Saturday, February 12, 2005

Honest Abe's B-day

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On this date in 1809, Abraham Lincoln entered the world. To pay tribute to a man that so many admire, let us rekindle some of his thoughts on various important matters of his time:

His unbridled love of individual liberty:
"I reiterate that the majority should rule."

His dedication to free market principles:
"I... would continue (trade) where it is necessary, and discontinue it, where it is not. As instance: I would continue commerce so far as it is employed in bringing us coffee, and I would discontinue it so far as it is employed in bringing us cotton goods."

His response to the notion of opposing corporate welfare:
"If I do that, what would become of my revenue? I might as well shut up housekeeping at once!"

His enlightened love and respect for blacks:
"I have no purpose to introduce political and social equality between the white and black races.... I, as well as Judge Douglas, am in favor of the race to which I belong having the superior position."

"I will say then that I am not, nor ever have been in favor of bringing about in anyway the social and political equality of the white and black races - that I am not nor ever have been in favor of making voters or jurors of negroes, nor of qualifying them to hold office, nor to intermarry with white people; and I will say in addition to this that there is a physical difference between the white and black races which I believe will forever forbid the two races living together on terms of social and political equality. And inasmuch as they cannot so live, while they do remain together there must be the position of superior and inferior, and I as much as any other man am in favor of having the superior position assigned to the white race. I say upon this occasion I do not perceive that because the white man is to have the superior position the negro should be denied everything. "

His solid dedication toward abolishing slavery:
" nearly all the published speeches of him who now addresses you... I do but quote from one of those speeches when I declare that 'I have no purpose, directly or indirectly, to interfere with the institution of slavery in the states where it exists. I believe I have no lawful right to do so, and I have no inclination to do so.' "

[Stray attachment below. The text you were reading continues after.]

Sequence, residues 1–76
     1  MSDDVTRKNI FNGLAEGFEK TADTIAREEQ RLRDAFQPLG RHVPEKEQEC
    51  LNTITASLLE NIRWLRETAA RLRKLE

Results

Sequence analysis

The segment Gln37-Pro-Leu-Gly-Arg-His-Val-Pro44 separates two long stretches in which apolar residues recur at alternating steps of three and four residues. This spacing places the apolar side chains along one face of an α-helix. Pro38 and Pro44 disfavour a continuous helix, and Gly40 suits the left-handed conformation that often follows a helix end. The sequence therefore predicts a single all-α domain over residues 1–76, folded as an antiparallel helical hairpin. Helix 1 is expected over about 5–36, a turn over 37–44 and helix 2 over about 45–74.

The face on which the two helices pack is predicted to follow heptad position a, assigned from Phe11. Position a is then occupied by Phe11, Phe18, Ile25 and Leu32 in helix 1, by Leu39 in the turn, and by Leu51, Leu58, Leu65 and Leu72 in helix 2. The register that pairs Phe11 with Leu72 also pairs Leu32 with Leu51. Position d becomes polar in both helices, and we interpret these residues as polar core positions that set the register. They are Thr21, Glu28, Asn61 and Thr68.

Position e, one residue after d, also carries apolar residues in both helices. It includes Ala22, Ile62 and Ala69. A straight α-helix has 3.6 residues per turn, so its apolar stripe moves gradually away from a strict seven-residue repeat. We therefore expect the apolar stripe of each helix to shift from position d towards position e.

"If I could save the Union without freeing any slave I would do it, and if I could save it by freeing all the slaves I would do it; and if I could save it by freeing some and leaving others alone, I would also do that. What I do about slavery and the colored race, I do because I believe it helps to save the Union."

His consistent defense of states' rights:
In 1848:
"Any people, anywhere, being inclined and having the power, have the right to rise up and shake off the existing government, and form a new one that suits them better. This is a most valuable, a most sacred right, a right which we hope and believe is to liberate the world. Nor is this right confined to cases in which the whole people of an existing government may choose to exercise it. Any portion of such people, that can, may revolutionize, and make their own of so much of the territory as they inhabit. More than this, a majority of any portion of such people may revolutionize, putting down a minority, intermingled with, or near about them, who may oppose their movements."

In 1856:
"The Union, in any event, won't be dissolved. We don't want to dissolve it, and if you attempt it, we won't let you. With the purse and sword, the army and navy and treasury in our hands and at our command, you couldn't do it.... We do not want to dissolve the Union; you shall not."

His stalwart defense of free speech, free press, and the writ of habeas corpus:
"You will take possession by military force, of the printing establishments of the New York World and Journal of Commerce... and prohibit any further publication thereof... you are therefore commanded forthwith to arrest and imprison in any fort or military prison in your command, the editors, proprietors and publishers of the aforesaid newspapers... and you will hold the persons so arrested in close custody until they can be brought to trial before a military commission."

Hey, wait a minute... why in the world do so many people admire this thug? It must be a side effect of taking the blue pill.

Some of the people who may object to my b-day tribute to Abe may happen to reside on the left side of the political spectrum. If that's the case, here's some food for thought: the following picture represents, to me, the Abe Lincoln of the 21st century.

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To learn why I make such a claim, I suggest reading the following essays about Lincoln:

Abraham Dubya Bush
Why The Republican Party Elected Lincoln

Before I sign off for now, Wally Conger's own birthday tribute to Abe has brought to my attention a fine birthday message for Lincoln by Karen De Coster. It is called Beheading the "Great Messiah", and I recommend checking that out as well. It's the least you can do, since it is Abe's b-day, ya know.


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